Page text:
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How do you build a BFO for a shortwave Radio? Answered

I was on amazon looking to buy a better shortwave radio and this guy on there said "I did build a separate little circuit called a bfo. When I hold this next to the radio, I can understand radio amateur transmissions (around 7 mHz). " and I would very much like to be able to do the same, So how would you build such a thing. Thank You. All the best.



Best Answer 4 years ago

BFO just means a "Beat-Frequency-Oscillator".... It's just an oscillator. In ham radio, when morse code is sent, it is just a simple carrier frequency with no modulation. If you tune in to it, it just sounds like someone keying up a mic and not saying anything. When you bring an oscillator tuned 1000 hertz higher or lower than their transmission, you hear the difference in the 2 frequencies... so you hear the tone. I think this works for ssb single-sideband transmissions as well. Most good shortwave radio receivers have a switch to turn ON and OFF the BFO. It is not needed on standard AM or FM transmissions.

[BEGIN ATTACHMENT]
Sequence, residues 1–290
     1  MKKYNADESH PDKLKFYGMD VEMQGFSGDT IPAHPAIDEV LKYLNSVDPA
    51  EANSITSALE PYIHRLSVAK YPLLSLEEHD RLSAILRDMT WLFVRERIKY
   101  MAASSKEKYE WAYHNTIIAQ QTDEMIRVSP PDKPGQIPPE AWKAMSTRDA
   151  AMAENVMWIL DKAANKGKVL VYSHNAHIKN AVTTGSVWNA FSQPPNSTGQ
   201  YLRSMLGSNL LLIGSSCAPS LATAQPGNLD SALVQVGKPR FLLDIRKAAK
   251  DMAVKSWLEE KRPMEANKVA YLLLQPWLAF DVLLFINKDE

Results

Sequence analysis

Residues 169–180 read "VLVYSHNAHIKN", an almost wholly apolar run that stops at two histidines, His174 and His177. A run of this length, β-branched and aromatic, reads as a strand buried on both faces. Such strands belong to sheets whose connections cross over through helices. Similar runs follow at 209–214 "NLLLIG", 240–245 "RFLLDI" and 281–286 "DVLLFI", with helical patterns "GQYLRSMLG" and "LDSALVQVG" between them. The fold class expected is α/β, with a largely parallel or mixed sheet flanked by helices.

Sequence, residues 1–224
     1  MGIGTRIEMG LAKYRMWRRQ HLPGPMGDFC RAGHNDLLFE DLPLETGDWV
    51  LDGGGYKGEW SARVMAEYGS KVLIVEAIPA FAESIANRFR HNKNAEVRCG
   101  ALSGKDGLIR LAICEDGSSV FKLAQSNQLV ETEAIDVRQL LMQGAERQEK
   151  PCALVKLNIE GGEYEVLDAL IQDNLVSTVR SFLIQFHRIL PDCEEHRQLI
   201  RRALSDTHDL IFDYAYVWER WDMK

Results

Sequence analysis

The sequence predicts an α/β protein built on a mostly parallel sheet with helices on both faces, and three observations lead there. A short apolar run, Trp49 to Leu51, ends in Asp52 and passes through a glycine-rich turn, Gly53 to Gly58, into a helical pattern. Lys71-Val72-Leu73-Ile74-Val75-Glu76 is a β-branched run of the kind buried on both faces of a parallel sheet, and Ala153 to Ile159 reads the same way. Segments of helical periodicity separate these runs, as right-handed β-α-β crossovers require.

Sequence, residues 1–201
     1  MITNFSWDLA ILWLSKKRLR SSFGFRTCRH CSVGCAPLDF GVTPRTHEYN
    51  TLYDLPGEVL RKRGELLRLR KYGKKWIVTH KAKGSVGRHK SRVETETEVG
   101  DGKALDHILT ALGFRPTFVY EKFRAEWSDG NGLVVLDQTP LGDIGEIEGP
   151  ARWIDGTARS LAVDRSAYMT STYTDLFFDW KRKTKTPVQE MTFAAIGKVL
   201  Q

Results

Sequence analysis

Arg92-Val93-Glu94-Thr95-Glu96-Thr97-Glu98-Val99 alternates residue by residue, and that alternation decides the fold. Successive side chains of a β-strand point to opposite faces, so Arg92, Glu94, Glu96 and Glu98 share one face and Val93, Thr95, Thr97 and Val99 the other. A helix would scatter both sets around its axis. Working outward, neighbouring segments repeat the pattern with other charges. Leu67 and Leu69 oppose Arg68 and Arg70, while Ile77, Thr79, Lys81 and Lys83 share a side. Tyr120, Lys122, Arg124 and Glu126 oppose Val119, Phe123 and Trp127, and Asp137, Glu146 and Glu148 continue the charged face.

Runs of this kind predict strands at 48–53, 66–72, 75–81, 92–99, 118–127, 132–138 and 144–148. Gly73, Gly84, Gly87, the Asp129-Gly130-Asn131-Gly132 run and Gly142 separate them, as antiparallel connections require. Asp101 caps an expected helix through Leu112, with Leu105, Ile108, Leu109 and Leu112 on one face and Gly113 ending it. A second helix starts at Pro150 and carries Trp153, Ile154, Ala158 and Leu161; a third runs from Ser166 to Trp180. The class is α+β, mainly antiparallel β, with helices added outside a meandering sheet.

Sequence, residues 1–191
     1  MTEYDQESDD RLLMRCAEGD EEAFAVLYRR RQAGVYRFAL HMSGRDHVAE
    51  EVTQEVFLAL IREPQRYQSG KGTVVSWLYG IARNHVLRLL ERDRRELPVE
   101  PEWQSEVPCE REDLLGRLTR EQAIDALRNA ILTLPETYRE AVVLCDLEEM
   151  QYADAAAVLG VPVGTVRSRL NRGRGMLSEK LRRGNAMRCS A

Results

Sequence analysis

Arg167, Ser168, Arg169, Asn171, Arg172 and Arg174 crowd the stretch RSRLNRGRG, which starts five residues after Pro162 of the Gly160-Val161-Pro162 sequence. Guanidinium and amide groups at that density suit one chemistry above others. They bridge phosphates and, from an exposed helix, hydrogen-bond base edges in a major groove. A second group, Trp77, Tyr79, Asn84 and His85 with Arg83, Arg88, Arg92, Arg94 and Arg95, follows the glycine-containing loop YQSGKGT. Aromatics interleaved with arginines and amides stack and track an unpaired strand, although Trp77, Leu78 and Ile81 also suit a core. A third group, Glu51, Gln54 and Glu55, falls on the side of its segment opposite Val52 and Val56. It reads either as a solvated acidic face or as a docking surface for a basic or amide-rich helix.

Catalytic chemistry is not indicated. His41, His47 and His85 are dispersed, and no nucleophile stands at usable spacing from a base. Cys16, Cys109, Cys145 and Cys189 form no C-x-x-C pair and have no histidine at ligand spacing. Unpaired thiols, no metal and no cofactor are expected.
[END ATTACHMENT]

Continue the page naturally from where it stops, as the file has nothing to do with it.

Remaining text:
That explains it, and one my radio's has such a switch but I never knew what it was for, Now I don't need to just buy another radio for it. lol

I'm still new to shortwave, have only had my two SW radio's for a year. I'm going buy a better radio still but haven't decided I'll look for that to be on it. Thank You..

Why ? Are you actually trying to listen to morse ?

If you want a nice sensitive and portable HF receiver try the Grundig G3. This radio has the ability to listen to SSB modulated signals. If you like to try your hand at building a BFO circuit here are a few good easy projects. With these you can turn almost any department store AM/FM receiver into a HF receiver; provided you detune the radio and get it into the correct band of frequencies first!



(This is a better circuit. A 160pF variable capacitor is needed from an old AM/FM radio, the IF transformer is NOT needed, buy a few 455khz ceramic resonators from ebay, for the JFET anything can be used, J310, 2N3819 etc)

This pages contains a very simple HF receiver circuit: